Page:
B.J. Bethel

A view of the world from Ohio

#NeverGonnaGiveUpTrump: Trump’s base support is holding, not slipping – why?

A meme, found on the internet, hopefully public domain. Contributing Photo Graphic

Glenn Reynolds, the writer of the blog Instapundit and a law professor, did his best to throw prose behind the assertion by President Donald Trump that the Obama administration wiretapped his phone during the 2016 election.

Citing National Review knucklehead Andrew McCarthy, a former prosecutor and now the lead embarrassment at the former hallowed publication since John Derbyshire is no longer employed, Reynolds pieced together a diatribe beyond credulity.

“Watergate brought down a presidency, but if the worst suspicious here are borne out, we’re dealing with something worse.”

Reynolds isn’t speaking of President Trump, who is already facing calls from his own party to be investigated by a special prosecutor, he’s talking about Barack Obama. I could break down why the assertion is idiotic, but that would be the point of why it was made – to waste time, brainpower, air and create a bizarre narrative straight from Alex Jones and the worst of Info Wars and the White Nationalists of the Alt-Right and Fake Newers. It’s information warfare, from the Breitbart/Alinsky/Ron Burgundy school of propaganda. Projection, redirection – step two was Wikileaks. The CIA! Framed the poor Russians by God! Trump, at Mar-A-Lago every weekend, in search of the real hackers one round of 18 at a time.

Trump was a B-celebrity so no surprise his Presidency is a B-movie thriller that isn’t thrilling, but transparent as saranwrap.


I was at a neighborhood store, listening to a conversation behind me. Two middle-age men, nice enough, smart enough, talking a variety of subjects, which turned to guns, a subject I also find interest in. I shoot, I’m not bad at it, I enjoy it. Then the conversation took a turn I’ve heard too many times to calculate.

“Did you know there are 72 ISIS training camps in the country,” one digressed to the other, “I heard there are three in Virginia, some more in West Virginia and a couple in Ohio.”

“They get support from the government.”

“Oh yeah, I believe it.”

Welcome to the information age, the progenitors of the world wide web said. For a time it was, if you were looking for information. You could find the entire Orwell catalog for free. You could play card games with three people from three other continents. There was porn, more porn, and fantasy sports.

Then came Web 2.0, and 3.0, and 4.0, and Zuckerburg and Twitter, and here we are, where those standing on the shoulders of engineers and coders before them (who probably worked for a living at one point or the other) created the perfect weapon to crack a society that’s lost it’s social connections, it’s economic security, and it’s faith.

Donald Trump’s approval rating is at 41 percent – actually up a bit from the middle of February. RealClearPolitics poll average has him at only negative 5 points.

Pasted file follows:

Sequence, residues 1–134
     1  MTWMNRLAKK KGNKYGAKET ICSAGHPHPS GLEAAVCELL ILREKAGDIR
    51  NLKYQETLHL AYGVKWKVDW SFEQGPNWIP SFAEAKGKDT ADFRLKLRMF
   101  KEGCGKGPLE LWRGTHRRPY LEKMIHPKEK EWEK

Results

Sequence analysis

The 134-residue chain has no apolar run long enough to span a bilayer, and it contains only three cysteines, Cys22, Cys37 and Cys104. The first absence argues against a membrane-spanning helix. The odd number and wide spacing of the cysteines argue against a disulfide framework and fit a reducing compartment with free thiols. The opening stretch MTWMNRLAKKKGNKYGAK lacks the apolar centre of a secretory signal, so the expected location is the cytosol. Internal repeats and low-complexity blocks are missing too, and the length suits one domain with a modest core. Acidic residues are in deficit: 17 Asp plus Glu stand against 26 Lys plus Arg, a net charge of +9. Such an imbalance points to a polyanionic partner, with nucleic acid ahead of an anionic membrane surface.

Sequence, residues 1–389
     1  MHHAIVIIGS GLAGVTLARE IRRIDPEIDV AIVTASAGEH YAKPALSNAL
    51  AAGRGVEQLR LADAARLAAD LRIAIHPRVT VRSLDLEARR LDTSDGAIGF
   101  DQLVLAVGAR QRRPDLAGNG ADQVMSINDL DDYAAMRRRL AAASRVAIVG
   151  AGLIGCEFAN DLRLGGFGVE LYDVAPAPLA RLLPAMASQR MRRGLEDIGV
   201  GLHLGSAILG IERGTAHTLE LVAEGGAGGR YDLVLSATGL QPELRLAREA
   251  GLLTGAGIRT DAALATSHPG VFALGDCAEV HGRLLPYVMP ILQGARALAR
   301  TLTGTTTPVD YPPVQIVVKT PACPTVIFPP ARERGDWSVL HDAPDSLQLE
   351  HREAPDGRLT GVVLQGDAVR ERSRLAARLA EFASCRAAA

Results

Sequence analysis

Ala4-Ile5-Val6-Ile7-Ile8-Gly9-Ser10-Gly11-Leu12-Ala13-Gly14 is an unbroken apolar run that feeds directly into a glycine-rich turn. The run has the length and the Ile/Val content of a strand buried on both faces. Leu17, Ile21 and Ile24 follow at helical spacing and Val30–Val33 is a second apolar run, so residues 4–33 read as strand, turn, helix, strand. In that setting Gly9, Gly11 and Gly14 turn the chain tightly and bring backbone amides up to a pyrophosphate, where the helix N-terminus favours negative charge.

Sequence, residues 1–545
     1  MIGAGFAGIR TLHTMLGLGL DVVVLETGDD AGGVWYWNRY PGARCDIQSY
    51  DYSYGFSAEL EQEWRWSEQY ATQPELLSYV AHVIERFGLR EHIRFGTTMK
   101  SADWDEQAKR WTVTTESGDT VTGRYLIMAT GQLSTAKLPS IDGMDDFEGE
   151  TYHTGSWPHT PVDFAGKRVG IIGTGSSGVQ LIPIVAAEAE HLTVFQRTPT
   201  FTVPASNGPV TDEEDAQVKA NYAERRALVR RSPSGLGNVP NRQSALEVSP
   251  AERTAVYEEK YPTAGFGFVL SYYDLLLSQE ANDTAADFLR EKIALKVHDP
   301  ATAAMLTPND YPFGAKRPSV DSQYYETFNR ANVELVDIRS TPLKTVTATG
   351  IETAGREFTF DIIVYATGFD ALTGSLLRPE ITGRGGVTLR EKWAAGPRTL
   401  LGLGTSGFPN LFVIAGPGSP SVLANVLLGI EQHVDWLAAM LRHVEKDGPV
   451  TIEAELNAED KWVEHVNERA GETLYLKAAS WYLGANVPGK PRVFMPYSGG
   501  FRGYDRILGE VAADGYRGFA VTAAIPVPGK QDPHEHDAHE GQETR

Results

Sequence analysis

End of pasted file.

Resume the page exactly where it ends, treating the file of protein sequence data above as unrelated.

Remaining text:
This is after Darrell Issa called for a special prosecutor, after John Kasich went to the White House to plead for a sensible healthcare reform, after conservatives wanted a complete repeal of the law, despite the medical industry spending trillions over nearly a decade, changing the infrastructure of 20 percent of the U.S. economy – that doesn’t go away. Not to mention the connections to Russia that forced one high-profile resignation, and is leaving the White House with empty offices and no one wanting to fill them. But it’s purity the base and conservative media want, and it’s purity it gets.

Despite Trump’s constant fumbling, the constant leaks, the war against the press and the First Amendment, the immature behavior on his Twitter account, reacting like a teen actor on Nickelodeon when dissed by a co-star. The Don’s approval with Republicans and Republicans Leans stayed in the 80s

After all that’s happened, up to March 6, Quinnipiac has Trumps approval among Republicans at 91 percent.

The Jong family can’t get a 90 percent approval rating.

Trump is the realization of 30 years of conservative media and a rabid base of baby boomers, he’s not a voice for them, he’s their voice. Not as a group, but a singularity. His scream of conscience blathering makes him considerably easier to identify with, not some stuck up wad of Ivy League (ironic). He’s a vicarious incarnation of 30 years of well-hewed resentment, boiled like in a pot.

Saying no to a politician is easy, even one of your own party. It finally happened to George W. Bush, and it wasn’t the Iraq War or Katrina, though they had their part. Republicans abandoned him over his immigration plan and his selection of Harriet Myers to the Supreme Court, who was considered too moderate. Shortly after his approval dropped to the 20s.

How does one part with their own voice? They can’t. Most of Trump’s voters thought “What the hell, why not,” pulled the lever and went on their way, but for the true believers, who prefer “we’re a mess” to “Yes, we can,” it’s a surgical procedure that is too difficult to endure.

Until his base turns against him, Trump won’t be impeached. He’ll continue his present horrible media and policy strategy, dreamed up by Steve Bannon, The Architect of falling upward. His entire administration will be dedicated to culture warfare and nothing. When the gig is up, it will be swift and painful, but the question remains if Trump is another impure charlatan or a bad idea and a bad vote. That determination will show whether or not the party has been cured of its Breitbart.



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